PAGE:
Apple Pay and Coinbase Bring Crypto Payments To Retail

As of June 2021, users who have Apple Pay can now pay for items with cryptocurrency by way of the Coinbase debit card. The card also supports Google Pay with the option to pay with cryptocurrency like Bitcoin and Ethereum. In a press release statement (From the Coinbase blog):

“You can now use your Coinbase Card with Apple Pay and Google Pay to make it even easier to spend crypto at home and on the go.”

It is Coinbase that has integrated cryptocurrency payment options, and is not directly from Apple Pay. This means that users will need a Coinbase card first, which can then be added as a payment option on Apple Pay.

Coinbase provides a debit card from which users can attach their cryptocurrency wallet to use funds. One of the perks it offers is a cash-back spending feature (up to 4% according to Coinbase). This rewards heavy users back to their iPhone.

Before a user can pay with cryptocurrency, it is clear that it is not a direct exchange of value. It must first be converted to fiat at the point-of-sale. The merchant must also support payments in cryptocurrency, so this means that users cannot just use their card to make any payment in cryptocurrency. Merchants who accept the card can offer designated cryptocurrency payment methods (e.g. ETH, XLM, BTC).

Cryptocurrency debit cards are providing users not just a new payment method, but a way to actually use digital assets as a medium for exchange. They can be used to pay for goods and services where it is accepted, and that allows more utility for cryptocurrency. There are other types of cards offered by Crypto.com and BitPay, with their own reward system for users.

With crypto payments going toward mainstream adoption, the question is whether the volatility will have any negative effect. An example of this is sudden change in price of a cryptocurrency in the middle of a transaction. How will payment processors handle the variations, which can suddenly increase or decrease without warning? The idea is making the payment at the point-of-sale, but users may delay in paying from the time of quote. In the real world, prices are fixed with fiat currency and users pay for an item as listed. Prices don’t suddenly change after a few minutes. With crypto, prices can suddenly change while a user is waiting to make a payment. This is certainly something that will be tested.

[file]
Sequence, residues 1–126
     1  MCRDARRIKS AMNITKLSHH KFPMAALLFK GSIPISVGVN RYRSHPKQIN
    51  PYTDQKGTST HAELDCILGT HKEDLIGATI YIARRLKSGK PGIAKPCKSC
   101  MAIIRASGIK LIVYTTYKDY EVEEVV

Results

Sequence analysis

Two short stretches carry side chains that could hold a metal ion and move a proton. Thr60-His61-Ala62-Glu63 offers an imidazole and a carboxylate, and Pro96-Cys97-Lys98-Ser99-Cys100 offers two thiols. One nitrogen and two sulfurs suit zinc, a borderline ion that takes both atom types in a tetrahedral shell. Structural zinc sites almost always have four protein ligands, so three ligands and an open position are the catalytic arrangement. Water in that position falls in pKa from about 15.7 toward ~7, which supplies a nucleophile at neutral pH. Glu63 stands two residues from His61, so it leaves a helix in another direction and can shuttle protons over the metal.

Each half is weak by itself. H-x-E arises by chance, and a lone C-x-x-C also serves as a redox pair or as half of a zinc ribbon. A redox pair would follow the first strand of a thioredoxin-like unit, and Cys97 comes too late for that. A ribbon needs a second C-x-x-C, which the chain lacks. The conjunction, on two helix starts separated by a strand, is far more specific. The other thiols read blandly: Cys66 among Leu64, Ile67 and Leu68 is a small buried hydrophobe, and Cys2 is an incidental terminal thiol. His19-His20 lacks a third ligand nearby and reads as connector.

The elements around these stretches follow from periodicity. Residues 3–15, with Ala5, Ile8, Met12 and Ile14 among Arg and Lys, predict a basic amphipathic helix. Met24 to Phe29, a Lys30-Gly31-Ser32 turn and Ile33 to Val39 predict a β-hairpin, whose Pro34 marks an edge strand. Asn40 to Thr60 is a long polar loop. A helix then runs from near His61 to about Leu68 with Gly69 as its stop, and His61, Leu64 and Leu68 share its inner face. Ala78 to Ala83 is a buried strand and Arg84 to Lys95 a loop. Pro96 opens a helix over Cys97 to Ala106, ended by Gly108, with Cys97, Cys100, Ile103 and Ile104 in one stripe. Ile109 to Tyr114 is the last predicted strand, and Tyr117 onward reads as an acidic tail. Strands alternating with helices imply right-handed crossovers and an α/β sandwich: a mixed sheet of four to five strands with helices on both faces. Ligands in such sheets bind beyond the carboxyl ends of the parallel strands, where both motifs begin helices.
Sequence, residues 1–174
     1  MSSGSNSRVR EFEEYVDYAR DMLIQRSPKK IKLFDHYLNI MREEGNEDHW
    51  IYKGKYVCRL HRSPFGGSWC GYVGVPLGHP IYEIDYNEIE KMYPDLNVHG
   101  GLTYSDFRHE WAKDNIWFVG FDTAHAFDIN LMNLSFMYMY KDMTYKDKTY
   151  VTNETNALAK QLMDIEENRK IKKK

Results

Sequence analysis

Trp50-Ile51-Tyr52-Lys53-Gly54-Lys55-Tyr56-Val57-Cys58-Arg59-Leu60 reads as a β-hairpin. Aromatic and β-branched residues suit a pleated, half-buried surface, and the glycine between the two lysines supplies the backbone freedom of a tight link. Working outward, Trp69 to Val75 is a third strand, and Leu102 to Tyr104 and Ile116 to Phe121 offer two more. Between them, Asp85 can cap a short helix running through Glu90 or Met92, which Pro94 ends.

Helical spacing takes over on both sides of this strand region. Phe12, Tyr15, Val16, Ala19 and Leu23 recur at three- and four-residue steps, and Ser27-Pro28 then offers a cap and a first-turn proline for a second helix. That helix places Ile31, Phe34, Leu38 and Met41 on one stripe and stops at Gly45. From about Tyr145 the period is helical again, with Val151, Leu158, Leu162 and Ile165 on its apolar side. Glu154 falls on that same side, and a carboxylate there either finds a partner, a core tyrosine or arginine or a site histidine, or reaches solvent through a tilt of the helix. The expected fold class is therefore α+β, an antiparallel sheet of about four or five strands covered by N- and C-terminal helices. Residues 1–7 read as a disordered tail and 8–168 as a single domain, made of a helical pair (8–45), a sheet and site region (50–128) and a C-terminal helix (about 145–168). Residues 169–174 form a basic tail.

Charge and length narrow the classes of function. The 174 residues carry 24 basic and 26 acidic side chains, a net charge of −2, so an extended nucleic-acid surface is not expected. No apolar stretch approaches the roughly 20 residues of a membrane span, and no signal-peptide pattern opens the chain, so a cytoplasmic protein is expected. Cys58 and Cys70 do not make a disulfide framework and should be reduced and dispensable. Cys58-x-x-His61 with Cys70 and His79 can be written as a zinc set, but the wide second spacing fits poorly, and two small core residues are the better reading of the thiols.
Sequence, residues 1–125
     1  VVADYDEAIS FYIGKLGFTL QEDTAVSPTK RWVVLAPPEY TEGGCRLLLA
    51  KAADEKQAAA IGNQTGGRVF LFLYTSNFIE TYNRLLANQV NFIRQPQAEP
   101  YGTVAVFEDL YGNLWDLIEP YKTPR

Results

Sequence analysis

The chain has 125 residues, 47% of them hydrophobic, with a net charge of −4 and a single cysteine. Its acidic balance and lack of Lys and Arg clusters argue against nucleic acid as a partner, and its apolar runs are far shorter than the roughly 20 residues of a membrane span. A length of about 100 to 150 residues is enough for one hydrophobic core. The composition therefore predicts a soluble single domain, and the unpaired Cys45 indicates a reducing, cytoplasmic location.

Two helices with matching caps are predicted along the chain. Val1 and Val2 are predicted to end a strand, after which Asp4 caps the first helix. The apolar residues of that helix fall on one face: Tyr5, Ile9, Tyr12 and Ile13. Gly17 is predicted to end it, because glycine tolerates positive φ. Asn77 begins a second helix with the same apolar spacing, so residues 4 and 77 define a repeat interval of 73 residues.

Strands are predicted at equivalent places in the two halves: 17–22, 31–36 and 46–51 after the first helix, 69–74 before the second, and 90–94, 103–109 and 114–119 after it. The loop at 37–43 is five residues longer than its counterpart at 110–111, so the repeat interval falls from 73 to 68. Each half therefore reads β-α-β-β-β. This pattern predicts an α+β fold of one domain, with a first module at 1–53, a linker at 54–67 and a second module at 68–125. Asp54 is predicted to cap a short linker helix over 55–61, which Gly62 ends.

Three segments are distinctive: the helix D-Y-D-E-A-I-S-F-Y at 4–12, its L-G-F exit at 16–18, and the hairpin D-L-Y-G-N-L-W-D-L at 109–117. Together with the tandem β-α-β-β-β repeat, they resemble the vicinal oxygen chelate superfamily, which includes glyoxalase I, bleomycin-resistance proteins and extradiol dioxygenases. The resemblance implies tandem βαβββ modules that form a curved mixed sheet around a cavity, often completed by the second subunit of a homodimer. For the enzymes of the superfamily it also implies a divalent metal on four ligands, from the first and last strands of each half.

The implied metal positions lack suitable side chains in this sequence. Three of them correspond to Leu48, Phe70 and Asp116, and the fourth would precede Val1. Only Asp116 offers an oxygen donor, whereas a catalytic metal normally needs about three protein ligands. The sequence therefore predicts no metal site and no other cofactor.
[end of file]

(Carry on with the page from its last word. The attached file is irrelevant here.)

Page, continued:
Certain crypto, like Bitcoin, may be considered too valuable to spend. However, that would probably be the digital asset merchants would like to accept for cryptocurrency payments. Users will have to consider whether they want to spend fractions of their BTC for a pair of sneakers or just HODL it. There are other crypto options of course, which is why this can still work out for both users and merchants. Another thing to take note of are the transaction fees. Users would probably want to use a blockchain where transaction fees are cheapest to spend their crypto.

Stablecoins may provide a better solution to go around the volatility. This might be a good option since it is pegged to more stable assets. Users can set their Coinbase card to use a stablecoin like USDC as their payment option method. All users will need to do is convert a certain amount of their base crypto like Bitcoin to a stablecoin. From there they can fund their debit card with less worries about volatility.

Both Apple Pay and Google Pay come from large tech platforms that serve millions of users. Integration with cryptocurrency payments is further simplified through the use of smartphones. Apple Pay users have iOS (iPhone) while Google Pay users have Android (Samsung, OnePlus, Huawei, etc.). This finally takes the world of retail digital payments to the blockchain.

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